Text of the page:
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Sorry to miss Lord Mayor

Lord Mayor Coun Magid Magid plants a tree with Coun Talib Hussian and Bailey Mansell, of the Prince's Trust at Pitsmoor Adventure Playground.
Lord Mayor Coun Magid Magid plants a tree with Coun Talib Hussian and Bailey Mansell, of the Prince's Trust at Pitsmoor Adventure Playground.
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Have your say

I was pleased to read of the wonderful experience of the young people of Pitsmoor on the recent visit by the Lord Mayor as reported by Mr Meleady.

On Saturday evening (May 26) my wife and I attended a dinner at which the Lord Mayor was scheduled to speak. However he did not arrive, which is a pity as we and other guests would have been delighted to meet and hear him speak.

G Oxley

Sheffield, S62

The dangers of cannabis

May I add a postscript to my recent letters on the dangers of cannabis.

It is interesting to note that the influential medical journal The Lancet has just taken the unprecedented step of branding cannabis a ‘huge health risk’ and warns that tens of thousands of people (there were 27,000 in England in 2016/17), are ending up in hospital with cannabis-related health problems.

The Lancet has warned that cannabis could be behind the huge rise in mental health problems and that with the ‘increasing liberalisation of laws’ users need to be made aware of risks to their health and well-being.

Susan Richardson

Westminster Crescent, Lodge Moor, Sheffield, S10

Letters from same people

I quite understand the respective positions of Mr Ken Tomlinson and Ms Susan Richardson: but I would suggest that they direct their feelings of irritation to the right quarter. That has to be constituted by the editors and journalists of the Star and its sister paper, the Sheffield Telegraph, who are content to publish endless letters from the same stalwarts: Messrs Clayton, Olsen, Warris, Ms Jayne Grayson and Ms Richardson herself. These readers are happy to provide material free of charge, when the staff should be doing what they’re paid for.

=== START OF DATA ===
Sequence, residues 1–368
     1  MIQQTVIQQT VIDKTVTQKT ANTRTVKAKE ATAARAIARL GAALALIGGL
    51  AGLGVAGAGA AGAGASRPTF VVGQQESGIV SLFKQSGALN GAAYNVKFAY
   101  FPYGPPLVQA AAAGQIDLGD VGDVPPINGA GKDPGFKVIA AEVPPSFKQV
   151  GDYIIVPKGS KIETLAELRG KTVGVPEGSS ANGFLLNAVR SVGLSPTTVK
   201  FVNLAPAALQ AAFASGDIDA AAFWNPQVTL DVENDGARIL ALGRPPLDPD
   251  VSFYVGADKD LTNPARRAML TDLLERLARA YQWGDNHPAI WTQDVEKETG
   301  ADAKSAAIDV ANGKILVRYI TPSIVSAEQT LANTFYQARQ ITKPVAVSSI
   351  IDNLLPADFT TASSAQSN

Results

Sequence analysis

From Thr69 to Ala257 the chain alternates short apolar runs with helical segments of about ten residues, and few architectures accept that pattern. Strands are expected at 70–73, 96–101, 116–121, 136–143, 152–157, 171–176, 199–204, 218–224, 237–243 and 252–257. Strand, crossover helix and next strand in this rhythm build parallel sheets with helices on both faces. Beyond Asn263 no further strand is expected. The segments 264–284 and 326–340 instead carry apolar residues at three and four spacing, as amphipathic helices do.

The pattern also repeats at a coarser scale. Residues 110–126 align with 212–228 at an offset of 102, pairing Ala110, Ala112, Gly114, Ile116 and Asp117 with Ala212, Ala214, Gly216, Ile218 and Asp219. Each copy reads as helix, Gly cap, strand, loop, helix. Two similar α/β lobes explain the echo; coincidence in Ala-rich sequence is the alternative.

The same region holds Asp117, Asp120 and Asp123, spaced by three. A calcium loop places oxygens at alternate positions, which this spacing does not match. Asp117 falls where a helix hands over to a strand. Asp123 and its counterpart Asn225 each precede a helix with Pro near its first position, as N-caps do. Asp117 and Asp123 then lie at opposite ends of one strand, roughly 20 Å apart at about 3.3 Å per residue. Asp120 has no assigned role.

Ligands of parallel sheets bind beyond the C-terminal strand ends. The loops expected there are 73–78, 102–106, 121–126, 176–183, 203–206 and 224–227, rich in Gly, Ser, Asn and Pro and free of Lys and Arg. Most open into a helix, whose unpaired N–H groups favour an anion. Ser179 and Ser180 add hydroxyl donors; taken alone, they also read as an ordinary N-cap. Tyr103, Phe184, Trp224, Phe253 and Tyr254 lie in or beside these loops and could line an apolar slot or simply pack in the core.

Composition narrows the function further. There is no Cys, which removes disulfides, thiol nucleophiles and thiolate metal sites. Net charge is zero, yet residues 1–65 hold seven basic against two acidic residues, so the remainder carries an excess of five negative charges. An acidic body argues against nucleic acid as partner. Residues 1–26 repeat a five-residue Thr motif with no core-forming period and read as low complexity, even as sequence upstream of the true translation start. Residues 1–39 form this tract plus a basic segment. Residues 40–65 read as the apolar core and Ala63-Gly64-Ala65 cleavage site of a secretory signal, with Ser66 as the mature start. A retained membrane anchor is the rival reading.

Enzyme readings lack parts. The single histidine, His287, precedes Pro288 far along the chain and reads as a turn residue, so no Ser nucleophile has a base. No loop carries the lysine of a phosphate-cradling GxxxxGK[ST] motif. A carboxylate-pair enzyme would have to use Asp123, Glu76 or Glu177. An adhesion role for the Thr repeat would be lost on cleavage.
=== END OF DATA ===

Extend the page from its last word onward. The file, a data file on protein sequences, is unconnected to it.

Ruth Grimsley

Oak Park, Broomhill, Sheffield, S10

Why it takes all types

Susan Richardson, a fellow contributor to the Star Readers Letters pages, has recently been taken to task by one of your readers for writing “long letters on the same theme” which were boring to him. Susan and myself have something in common in that we write passionately about things we believe in.

In recent months her subject has been Sheffield tree removal, in my case it has been our EU Brexit removal. Although we have concentrated on these topics, it is only part of our “editorial repertoire” as evidenced by frequent publication of our letters on various other topics of general interest.

Unlike your complaining correspondent, I find Susan’s letters to be interesting and thought provoking and I endeavour to write in the same vein. It takes all “types” to make this world - including the type-print in the Star.

Surely the objective of the feature should be to publish a balanced variety of letters from readers on all suitable topics, be they lengthy or short. If the editor feels that their content is worthy of extra space then so be it.

Compare letters of this latter nature to those regularly printed, that are submitted by Jayne Grayson and EB Warris. They lack the thought provoking debatable content of Susan’s letters. I suggest their perceived trivia content to be more suitable for Facebook or Twitter publication. Letters from readers wishing to thank someone for their hospital stay or Good Samaritan help, together with those announcing a forthcoming event are also published.

While these letters are quite rightly published, it would make the Star feature very one sided, and remove the cut and thrust of written debate, if the unbalanced pages were filled with letters of this personally perceived Facebook and Twitter content, to the detriment of writers such as Susan and her ilk.

Cyril Olsen

Busk Meadow, Sheffield, S5

Abortion has to be an option

Abortion to be made legal in Southern Ireland thanks to people voting yes.

In the world today I find it bizarre that women are having to travel abroad for this procedure, something we women in England can have access to.

It’s never an easy decision to make and, even 30 years later, the thoughts of ‘was it the right decision?’ still weigh heavy and I speak from experience.

Abortion should never be used as contraception, but it should be a option for the many reasons that women have as to why they want to end a pregnancy.

Jayne Grayson

Sheffield, S35